Actually, +Alex Grossman
, I think you are over-broadening the concept of competition and misstating my position.
For example, you claim I am trying to "exclude the competition of ideas, for example in education." But, actually, I explicitly used education as an example of sensible competition. I would rather not use the word competition to describe it, but that is far from saying that I'd like to disallow it altogether.
Who in their right mind would be against the "competition" of ideas?
I'm simply making a distinction between two different types of competition. There's the broad sense of competition, where people try out different methods to achieve the same goal in order to identify the most effective way to accomplish that goal. And then there is the narrow sense in which a competitor can only win via the loss of another competitor.
Do you agree that this distinction exists? If not, that there's no reason to proceed further with this discussion.
It is my contention that it is the latter sense of competition that is distinctly capitalist in nature, and it is the benefits of this type of competition that I have a difficult time understanding.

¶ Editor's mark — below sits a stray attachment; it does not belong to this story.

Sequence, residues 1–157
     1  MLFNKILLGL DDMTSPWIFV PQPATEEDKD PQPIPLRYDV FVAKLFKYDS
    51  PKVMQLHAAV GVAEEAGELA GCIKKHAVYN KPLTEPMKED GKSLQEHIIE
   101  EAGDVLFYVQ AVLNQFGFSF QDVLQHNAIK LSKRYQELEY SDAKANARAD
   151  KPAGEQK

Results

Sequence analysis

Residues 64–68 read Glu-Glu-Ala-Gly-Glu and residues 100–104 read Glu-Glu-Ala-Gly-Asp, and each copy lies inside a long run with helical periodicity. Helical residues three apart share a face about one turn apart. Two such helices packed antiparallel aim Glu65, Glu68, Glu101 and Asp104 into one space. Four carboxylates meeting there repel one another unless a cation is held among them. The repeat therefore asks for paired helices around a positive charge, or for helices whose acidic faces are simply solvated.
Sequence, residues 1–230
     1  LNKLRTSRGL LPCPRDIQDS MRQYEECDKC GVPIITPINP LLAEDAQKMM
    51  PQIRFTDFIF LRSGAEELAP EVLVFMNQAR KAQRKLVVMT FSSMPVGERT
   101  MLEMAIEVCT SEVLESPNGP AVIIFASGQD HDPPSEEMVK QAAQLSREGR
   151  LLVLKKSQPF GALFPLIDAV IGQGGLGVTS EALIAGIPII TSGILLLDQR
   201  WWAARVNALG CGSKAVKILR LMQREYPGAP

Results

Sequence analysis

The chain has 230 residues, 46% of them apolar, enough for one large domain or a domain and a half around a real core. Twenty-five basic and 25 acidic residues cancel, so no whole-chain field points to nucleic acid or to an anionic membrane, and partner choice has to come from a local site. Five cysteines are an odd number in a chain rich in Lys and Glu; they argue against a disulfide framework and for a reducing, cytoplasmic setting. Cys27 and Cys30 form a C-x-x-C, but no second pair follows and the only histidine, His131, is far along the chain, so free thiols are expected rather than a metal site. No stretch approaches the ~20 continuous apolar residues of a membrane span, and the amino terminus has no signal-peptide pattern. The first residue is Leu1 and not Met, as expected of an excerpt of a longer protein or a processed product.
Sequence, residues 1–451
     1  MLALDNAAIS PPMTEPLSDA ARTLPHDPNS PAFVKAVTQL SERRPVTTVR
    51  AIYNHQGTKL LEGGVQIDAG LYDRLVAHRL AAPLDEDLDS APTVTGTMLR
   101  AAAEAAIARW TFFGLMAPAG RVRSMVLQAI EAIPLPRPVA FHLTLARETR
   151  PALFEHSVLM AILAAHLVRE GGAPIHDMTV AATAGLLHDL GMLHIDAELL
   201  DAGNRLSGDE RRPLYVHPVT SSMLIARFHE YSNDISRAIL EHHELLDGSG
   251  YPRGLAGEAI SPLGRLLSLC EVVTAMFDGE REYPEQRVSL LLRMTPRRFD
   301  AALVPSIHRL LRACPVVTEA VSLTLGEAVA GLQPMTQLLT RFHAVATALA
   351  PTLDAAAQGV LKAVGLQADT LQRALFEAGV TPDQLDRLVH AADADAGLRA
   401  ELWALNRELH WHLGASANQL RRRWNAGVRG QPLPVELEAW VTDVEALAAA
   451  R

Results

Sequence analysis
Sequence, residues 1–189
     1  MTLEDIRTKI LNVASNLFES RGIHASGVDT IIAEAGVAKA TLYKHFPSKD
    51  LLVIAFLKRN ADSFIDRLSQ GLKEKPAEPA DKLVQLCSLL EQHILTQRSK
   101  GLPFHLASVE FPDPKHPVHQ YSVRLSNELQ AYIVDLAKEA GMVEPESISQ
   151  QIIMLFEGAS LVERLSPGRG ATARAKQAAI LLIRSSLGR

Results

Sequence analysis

You say "What we need to do, as a society, is find mechanisms of allowing for healthy competition and the creative destruction that permits the reallocation of resources while at the same time minimizing the harm that individuals can suffer."
I couldn't agree more. But, for me, this means getting rid of the narrow sense of competition while keeping the broad sense.
What you and other capitalists seem to believe is that people will not create value unless they have the possibility of economic gain. The claim may or may not be true but, if it turns out not to be true, then the capitalist mode of competition indeed ends up having little value. Would you agree?